Oklahoma's attorney general has decided to continue the effort to keep a Ten Commandments display on state Capitol grounds.
In a brief filed Thursday, Oklahoma Attorney General Scott Pruitt argued that a recent state Supreme Court decision against the display creates a climate of anti-religious hostility.
"Article II, Section 5 of the Oklahoma Constitution, as interpreted by the Oklahoma Supreme Court and as applied to the Ten Commandments monument, now evinces such an extreme hostility to anything religious that it violates the Establishment Clause," reads the brief.
"This decision, therefore, does not merely require neutrality among religions, mandating the state treat all religions (and nonreligion) equally and approach them on a level playing field. Rather, Article II, Section 5 now requires affirmative discrimination against religion, effectively requiring the state to countenance only secularism and prefer in all respects nonreligion over religion."
In a statement released Thursday, Pruitt said the state's highest court has set a precedent that involves the censorship of all religious expression on government property.
"In its decision to remove the monument, the Oklahoma Supreme Court held that no matter how historically significant or beneficial to the state, state law prohibits any item on state property or to be funded by the state if it's at all 'religious in nature,'" stated Pruitt.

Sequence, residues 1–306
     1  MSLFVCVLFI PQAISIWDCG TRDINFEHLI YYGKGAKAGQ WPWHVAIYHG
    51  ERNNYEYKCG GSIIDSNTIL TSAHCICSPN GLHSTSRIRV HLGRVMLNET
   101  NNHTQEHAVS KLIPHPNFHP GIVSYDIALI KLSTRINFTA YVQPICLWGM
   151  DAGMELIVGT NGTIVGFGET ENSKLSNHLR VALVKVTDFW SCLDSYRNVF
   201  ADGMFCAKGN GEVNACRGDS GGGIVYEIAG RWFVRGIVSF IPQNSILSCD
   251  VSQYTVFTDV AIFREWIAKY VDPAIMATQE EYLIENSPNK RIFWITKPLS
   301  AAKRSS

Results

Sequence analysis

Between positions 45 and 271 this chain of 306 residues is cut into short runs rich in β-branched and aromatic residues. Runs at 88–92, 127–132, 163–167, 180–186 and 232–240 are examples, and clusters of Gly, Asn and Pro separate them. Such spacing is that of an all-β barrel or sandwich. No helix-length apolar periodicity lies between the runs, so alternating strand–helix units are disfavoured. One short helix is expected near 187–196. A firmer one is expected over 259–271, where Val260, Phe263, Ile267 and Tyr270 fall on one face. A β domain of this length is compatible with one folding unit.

"That declaration prohibits manifestations of faith from the public square in such a way as to create hostility toward religion in violation of the U.S. Constitution. Therefore, we are asking the district court to allow the state to amend its original answer so we may fully address this new concern."
In 2012, a privately funded Ten Commandments monument was installed on the grounds of the Oklahoma Capitol.
The decalogue display came three years after a bill was passed allowing for monuments to be installed at the Capitol provided they fulfill certain standards.
In August 2013, the American Civil Liberties Union filed a lawsuit against the display, arguing that it was an unconstitutional government endorsement of religion.
American Atheists also filed suit and the New York-based Satanic Temple attempted to get a satanic display erected on the same property, arguing equal access.
In September 2014, Oklahoma County District Judge Thomas Prince ruled in favor of the display, concluding that, as with other displays at the Capitol, the Ten Commandments blended historical and spiritual significance.
On June 30, the Oklahoma Supreme Court ruled 7-2 against the monument, arguing that it violated the state constitution.
"The plain intent of Article 2, Section 5 is to ban state government, its officials, and its subdivisions from using public money or property for the benefit of any religious purpose," read the decision.
"Because the monument at issue operates for the use, benefit or support of a sect or system of religion, it violates Article 2, Section 5 of the Oklahoma constitution and is enjoined and shall be removed."
Brady Henderson, legal affairs director for the ACLU of Oklahoma, told local media that he believed the Pruitt brief was "provocative and abusive of the court process."
"I've never seen anything like it and would say most lawyers haven't, as well … It's a motion asking for a complete do-over of the case," said Henderson to newsok.com.